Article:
Author Malcolm Gladwell, in his popular book The Tipping Point,
describes a process by which dramatic changes can take place in the world in a
seemingly sudden and unexpected fashion.
He argues that change often does not occur in proportional response to the
pressure being applied, but rather change occurs when the accumulation of
pressures on a system is great enough to overcome inertia. He refers to the
point at which a system is poised to undergo dramatic change as the"
tipping point," since it is at this point that the smallest of
influences can turn out to be explosive.
Perhaps it is a stretch, but I have begun to wonder about the practice of
psychiatry and whether we are approaching our tipping point.
It seems that pressure for change is coming from all
quarters—advances in neuroscience and the application of new
technologies are challenging the way we conceptualize mental illness, health
care reform is challenging the way we provide services to our patients, and
pressure to change our relationship with the pharmaceutical industry is
challenging the ways in which we develop new therapies and educate
practitioners. That all adds up to a lot of stress on the system.
If change is to occur, the key questions become whether we are in a
position to direct this change, and do we have a vision for where we would
like to go? These are questions that APA leaders have been struggling with and
are attempting to address.
As part of this process, our immediate past president, Dr. Nada Stotland,
appointed a work group to develop a list of priorities for APA to help the
field make these transitions. The work group, led by Dr. Dilip Jeste, an
at-large member of the Board of Trustees, began the process of defining APA's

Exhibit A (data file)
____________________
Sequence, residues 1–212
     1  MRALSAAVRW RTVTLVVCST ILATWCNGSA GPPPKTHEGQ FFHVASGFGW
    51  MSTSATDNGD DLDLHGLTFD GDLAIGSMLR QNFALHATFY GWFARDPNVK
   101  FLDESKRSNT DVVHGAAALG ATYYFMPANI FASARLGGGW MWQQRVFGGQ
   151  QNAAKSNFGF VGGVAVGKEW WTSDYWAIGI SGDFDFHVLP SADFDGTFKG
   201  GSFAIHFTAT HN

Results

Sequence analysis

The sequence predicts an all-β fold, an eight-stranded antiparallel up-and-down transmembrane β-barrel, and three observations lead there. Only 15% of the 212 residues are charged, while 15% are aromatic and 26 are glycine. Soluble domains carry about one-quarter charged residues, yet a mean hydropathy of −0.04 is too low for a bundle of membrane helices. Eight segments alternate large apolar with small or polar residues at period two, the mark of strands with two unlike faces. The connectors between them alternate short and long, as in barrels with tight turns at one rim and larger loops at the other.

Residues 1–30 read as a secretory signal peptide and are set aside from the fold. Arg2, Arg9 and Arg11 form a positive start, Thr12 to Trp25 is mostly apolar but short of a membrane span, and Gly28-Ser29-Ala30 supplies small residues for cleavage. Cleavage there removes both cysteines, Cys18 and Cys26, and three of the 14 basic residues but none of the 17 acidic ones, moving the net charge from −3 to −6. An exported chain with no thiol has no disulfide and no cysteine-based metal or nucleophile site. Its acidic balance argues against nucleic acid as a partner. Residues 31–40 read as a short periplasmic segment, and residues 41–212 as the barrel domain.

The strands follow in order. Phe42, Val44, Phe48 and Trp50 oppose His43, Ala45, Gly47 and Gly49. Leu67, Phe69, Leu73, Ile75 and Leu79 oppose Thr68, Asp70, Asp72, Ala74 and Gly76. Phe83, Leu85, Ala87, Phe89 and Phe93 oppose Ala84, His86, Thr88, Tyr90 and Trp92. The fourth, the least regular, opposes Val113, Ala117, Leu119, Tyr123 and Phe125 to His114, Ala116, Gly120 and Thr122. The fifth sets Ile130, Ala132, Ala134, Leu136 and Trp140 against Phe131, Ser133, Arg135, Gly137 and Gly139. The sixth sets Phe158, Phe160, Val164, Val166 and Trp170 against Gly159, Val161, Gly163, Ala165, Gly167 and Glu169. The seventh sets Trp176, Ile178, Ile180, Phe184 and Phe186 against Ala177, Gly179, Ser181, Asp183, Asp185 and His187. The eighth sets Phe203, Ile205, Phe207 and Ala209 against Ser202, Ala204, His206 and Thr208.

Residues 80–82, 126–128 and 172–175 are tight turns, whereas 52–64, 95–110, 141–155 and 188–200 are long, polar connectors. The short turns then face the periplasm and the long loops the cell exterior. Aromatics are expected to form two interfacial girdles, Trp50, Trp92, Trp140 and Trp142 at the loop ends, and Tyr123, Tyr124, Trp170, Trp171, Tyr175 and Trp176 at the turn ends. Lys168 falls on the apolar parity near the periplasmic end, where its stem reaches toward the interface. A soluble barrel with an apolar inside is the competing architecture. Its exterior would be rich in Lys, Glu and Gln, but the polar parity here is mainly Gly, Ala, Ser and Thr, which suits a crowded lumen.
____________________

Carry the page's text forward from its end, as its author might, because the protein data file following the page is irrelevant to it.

agenda for the future by organizing a focus group that met during the APA
annual meeting in San Francisco in May.
Ideas presented at the focus-group meeting and from members of the work
group were used to develop a survey for the APA membership. The survey
addresses a broad range of topics including relationships with other medical
professions, models for clinical practice, and the integration of science and
clinical evidence into training and mental health care. The "Survey on
the Future of Psychiatry" is available for members to complete, and they
can do so until September 30. An e-mail with a link to the survey was sent to
all members in early August and was resent on September 2. Members who have
not received it can contact Miriam Epstein at
Members' survey responses will be used to prioritize the work of APA.
Another effort under way to prepare the field for future challenges is a
series of town-hall meetings for members-in-training and early career
psychiatrists. Headed by Dr. Carol Bernstein, APA president-elect, these
meetings will provide a forum for participants to discuss the future of the
field and APA's role in meeting the needs of its members and the patients they
The town-hall meetings will be held in cities across the country over the
next year. The series will begin in New York during next month's APA Institute
on Psychiatric Services and will be held on Thursday, October 8, from 7 p.m.
to 9 p.m. at the Sheraton New York Hotel and Towers.
Future meetings have tentatively been planned for Washington, D.C.,
Chicago, and San Francisco, with the final meeting to be held in New Orleans
during the 2010 APA annual meeting. Residents and early career psychiatrists
interested in participating in the New York meeting can find more information
on the APA Web site at<www.psych.org/IPS>
under "New Sessions Just Added to the Program" or by contacting
Jill Gruber at
We all lead busy lives, and it is often very tempting to stand on the
sidelines and watch a scene unfold. However, if we are truly at a tipping
point, it may be worth remembering that even the smallest of influences can
have a significant impact. That is why it is vital that APA hears from you via
the survey and at the town-hall meetings. Your ideas could help determine the
future of your field and this organization. ▪